Gordon: Right! So, estimates run to as much as $30 billion… even more than that. That’s a very big dollar amount. So, what we’ve done is put together a demonstration project–that’s what MDRC is about– it’s called a research and demonstration intermediary organization. We combine in one organization both research capacity and program operations capacity. And what we’re trying to do here is to design and rigorously test new approaches. So we’ve designed a single ZITC that pays up to $2,000 a year to low-income working singles, and we’re testing it– at scale– right here in New York City, with about 6,000 people.
And we’re about to start a test of the same model in Atlanta because we don’t want it to rise or fall just on the New York City labor market. We want to get a more diverse set of experiences there. So, because it’s so expensive, we want to understand: Are there any unintended consequences? You know, the Nixon problem in 1974. And we also want to understand what the response is. Do we get an increase in employment? Do we get an increase in earnings? As incomes rise, are people really better off? What kind of effects does it have on a range of secondary issues– like the likelihood that you might get involved in a criminal activity; the likelihood that you’ll marry; the likelihood that you’ll pay child support and support your children? So, once we understand more about that, we’ll be able to understand what the benefits are of a program like that.
“We want the low-income families to have the same incentive structure that the rest of us have. And the right way to do that would be to make work pay for everybody, including singles, and not to penalize people at the low end when they marry. And that’s essentially what we’ve begun to realize– really where the next frontier is in any poverty policy.”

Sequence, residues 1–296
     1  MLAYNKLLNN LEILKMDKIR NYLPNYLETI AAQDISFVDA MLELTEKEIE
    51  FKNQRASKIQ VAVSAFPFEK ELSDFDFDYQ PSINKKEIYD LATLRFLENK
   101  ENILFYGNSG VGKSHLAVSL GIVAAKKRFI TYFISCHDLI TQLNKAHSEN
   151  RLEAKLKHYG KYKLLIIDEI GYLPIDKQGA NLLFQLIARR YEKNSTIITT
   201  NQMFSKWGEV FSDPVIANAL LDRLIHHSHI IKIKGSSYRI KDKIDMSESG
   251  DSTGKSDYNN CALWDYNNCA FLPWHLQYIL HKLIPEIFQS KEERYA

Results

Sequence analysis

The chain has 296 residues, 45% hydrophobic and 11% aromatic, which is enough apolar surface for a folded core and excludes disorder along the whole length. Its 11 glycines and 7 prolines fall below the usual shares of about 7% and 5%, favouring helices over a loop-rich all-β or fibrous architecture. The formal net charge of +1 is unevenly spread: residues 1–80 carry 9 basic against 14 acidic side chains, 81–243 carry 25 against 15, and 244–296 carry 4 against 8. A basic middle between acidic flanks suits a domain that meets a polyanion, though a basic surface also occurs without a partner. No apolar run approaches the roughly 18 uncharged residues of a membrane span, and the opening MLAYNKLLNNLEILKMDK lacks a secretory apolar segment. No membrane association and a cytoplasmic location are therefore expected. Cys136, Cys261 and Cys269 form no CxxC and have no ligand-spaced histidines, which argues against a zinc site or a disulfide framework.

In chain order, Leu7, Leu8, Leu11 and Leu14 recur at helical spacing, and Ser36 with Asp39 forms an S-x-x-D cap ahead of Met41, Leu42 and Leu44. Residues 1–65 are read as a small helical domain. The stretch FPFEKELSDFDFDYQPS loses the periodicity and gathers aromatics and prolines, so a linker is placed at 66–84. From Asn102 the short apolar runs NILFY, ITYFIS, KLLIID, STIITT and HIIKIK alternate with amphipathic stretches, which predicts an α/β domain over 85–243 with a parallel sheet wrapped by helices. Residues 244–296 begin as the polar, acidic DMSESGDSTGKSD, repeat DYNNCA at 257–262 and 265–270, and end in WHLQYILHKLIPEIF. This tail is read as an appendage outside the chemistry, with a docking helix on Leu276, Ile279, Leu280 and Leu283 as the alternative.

Denver: Sticking with poverty for a minute, the numbers in this country are not particularly good. We have about 45 million Americans who live in poverty, and about one-third of those are children. What do you see as the key drivers of poverty?
Gordon: Well, there are essentially two key drivers. One of them is low earnings. We have an awful lot of low-wage work. And one of the big problems has been that despite all the economic growth we’ve experienced over the last 40 years or so, earnings in general have been stagnant… or even falling… especially for those with limited education. So one big problem is low income, low earnings–the fact that wages just have not been growing.
A second big problem is family structure. It’s a lot harder for a single-parent family– even one that’s working– to get by than it is for a family with two earners. And there’s also the problem of sharing the responsibilities and demands of taking care of your children.